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3. Nothing is more to be desired by a Christian, than that he may retain the Divine favour; nothing is more to be dreaded than that he should provoke the wrath of God.

4. God is not so much provoked to vengeance by sin itself, as by the obstinacy of the unbelieving and impenitent sinner.

5. However the children of unbelief flatter themselves, they cannot avoid the Divine wrath; for wrath now cometh upon them, and in coming it will come, and not tarry.

6. Not only will the Divine wrath be poured forth upon the wicked, but upon the children of God themselves, if, quenching the grace of the Spirit, they indulge the lusts of the flesh. Therefore, the study of mortification is incumbent upon all who dread the wrath of God as they ought.

Vers. 7. In the which ye also walked some time, when ye

lived in them.

The Apostle is still occupied in confirming the foregoing dissuasive ; and he shews the Colossians by a new argument that they must abstain from fornication, and so from all impurity of life. Now this argument is drawn from the removal of the cause to the removal of the effect; and the argument of the Apostle is thus applied : Sin is but the living and reigning cause of a wicked and lustful life: but sin is not living in you, but mortified : the cause, therefore, having ceased, the effect ceases. The Major is supposed: the Minor is shewn, in this verse, by a contrast of their former state. There had been a time, indeed, when ye lived in those sins, namely, before your conversion; but now it is passed, and ye do not live in them, but ye are dead to sin by baptism. It is usual among authors, wlien they say concerning any one, That he has lived, to intimate, He is dead, or he no longer lives : So the Apostle, in saying when ye lived in them, ye then walked in sins, would intimate, Ye now live no longer in them; therefore, ye ought not to walk any longer in them. Thus ye have the force of the argument. Now let us consider the words.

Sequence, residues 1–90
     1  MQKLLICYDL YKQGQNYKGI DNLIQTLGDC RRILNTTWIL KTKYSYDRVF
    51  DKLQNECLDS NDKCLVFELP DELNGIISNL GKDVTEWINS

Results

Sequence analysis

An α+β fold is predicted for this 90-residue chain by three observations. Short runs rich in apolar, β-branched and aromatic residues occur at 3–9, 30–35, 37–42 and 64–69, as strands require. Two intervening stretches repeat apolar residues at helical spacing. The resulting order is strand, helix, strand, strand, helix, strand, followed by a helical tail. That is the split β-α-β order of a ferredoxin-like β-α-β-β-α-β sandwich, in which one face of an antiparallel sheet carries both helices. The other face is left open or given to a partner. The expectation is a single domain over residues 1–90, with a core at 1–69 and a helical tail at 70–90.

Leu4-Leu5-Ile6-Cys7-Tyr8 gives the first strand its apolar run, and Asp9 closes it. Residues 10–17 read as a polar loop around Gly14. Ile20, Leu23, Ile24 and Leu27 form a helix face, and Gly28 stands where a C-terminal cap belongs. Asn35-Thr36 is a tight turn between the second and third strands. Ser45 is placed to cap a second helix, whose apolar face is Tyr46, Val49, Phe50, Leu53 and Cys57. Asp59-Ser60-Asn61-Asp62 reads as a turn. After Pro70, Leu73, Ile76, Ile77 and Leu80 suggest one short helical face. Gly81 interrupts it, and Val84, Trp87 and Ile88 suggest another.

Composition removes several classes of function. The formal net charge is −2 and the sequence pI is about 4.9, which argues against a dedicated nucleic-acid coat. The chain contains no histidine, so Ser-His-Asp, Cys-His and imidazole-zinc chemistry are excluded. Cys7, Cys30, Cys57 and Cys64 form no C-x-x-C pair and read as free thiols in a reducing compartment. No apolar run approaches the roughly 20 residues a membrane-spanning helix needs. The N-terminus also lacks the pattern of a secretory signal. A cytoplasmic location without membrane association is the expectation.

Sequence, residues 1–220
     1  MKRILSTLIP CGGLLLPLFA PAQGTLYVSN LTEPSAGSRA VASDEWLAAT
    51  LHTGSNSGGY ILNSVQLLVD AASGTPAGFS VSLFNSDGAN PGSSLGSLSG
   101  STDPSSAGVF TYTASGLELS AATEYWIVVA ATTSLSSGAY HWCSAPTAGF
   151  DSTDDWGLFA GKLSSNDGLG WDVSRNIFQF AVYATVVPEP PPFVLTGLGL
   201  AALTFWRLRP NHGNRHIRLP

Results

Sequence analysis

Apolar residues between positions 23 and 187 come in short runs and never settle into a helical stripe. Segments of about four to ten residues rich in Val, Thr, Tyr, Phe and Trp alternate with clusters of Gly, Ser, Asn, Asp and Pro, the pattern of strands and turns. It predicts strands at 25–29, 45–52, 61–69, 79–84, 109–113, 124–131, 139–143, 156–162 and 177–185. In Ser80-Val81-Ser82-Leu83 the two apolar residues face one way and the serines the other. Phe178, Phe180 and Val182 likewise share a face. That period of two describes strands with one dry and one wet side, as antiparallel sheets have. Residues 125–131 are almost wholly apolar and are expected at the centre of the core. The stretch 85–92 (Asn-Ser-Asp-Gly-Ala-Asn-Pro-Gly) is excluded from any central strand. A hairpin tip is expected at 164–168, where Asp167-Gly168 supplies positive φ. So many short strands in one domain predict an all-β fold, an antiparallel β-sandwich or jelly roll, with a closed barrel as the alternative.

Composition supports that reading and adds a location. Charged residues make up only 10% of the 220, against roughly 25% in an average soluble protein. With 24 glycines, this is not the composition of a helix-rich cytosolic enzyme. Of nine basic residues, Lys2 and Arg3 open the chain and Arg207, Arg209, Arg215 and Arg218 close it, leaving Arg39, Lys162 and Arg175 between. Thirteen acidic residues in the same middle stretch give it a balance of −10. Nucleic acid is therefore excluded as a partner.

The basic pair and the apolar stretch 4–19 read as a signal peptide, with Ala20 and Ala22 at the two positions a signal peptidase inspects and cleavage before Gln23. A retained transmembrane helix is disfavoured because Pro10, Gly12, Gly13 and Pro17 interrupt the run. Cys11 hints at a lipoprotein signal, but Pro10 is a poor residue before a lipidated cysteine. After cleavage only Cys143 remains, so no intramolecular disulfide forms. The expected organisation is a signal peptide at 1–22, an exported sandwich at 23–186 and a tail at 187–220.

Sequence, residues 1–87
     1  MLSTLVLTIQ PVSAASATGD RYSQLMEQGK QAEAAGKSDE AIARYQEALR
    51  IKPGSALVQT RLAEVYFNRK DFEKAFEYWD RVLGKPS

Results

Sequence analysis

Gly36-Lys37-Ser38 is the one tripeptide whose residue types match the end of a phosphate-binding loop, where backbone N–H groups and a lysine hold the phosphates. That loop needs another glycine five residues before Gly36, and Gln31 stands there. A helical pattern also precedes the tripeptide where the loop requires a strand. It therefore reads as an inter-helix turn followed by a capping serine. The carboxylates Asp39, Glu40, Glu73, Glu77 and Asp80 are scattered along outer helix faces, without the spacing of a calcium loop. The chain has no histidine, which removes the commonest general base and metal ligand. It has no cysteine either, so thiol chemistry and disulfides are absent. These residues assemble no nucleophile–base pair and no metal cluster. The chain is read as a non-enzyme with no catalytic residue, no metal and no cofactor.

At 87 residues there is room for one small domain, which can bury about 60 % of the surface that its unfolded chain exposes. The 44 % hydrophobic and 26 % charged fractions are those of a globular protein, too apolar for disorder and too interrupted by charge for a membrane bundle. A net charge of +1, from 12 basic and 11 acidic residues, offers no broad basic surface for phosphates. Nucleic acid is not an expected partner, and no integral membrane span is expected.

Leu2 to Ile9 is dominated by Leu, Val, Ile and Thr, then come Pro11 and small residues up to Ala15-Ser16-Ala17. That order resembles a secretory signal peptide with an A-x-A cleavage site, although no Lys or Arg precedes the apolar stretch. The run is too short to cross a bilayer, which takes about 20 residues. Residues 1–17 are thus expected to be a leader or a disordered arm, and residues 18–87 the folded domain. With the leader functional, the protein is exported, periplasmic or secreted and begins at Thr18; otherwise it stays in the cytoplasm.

In the which.] Erasmus renders it, among whom, and refers it to the children of disobedience: but Beza better, in which, viz. the aforesaid vices, for which the wrath of God cometh on the children of disobedience.

Ye also walked.] They are said to walk in sins, who constantly commit sin, who resist not concupiscence, but obey it with pleasure; Ephes. ii. 2, 3. Therefore, as men are accustomed to walk here and there in transacting their daily business ; so are those occupied in sins as in their ordinary vocation, and as though they had nothing else to do.

When ye lived in them.] i. e. When the cause of those sins, viz. the old Adam, or inbred corruption, lived and reigned in you; which corruption is now weakened and mortified. To walk and to live, then, whether the expressions are referred to the flesh or to the spirit, differ in the same manner as power and operation among philosophers : For life precedes, and operations suitable to life follow; as in Gal. v. 25, If we live in the Spirit, let us walk in the Spirit : so they who live in sin, walk in sin.

The sense of the words being now explained, two things which belong to the matter, are to be weighed : 1. The former state of the Colossians living in sin ; which is expressed. 2. The new state of the same persons now dead to sin; which is implied by the contrast.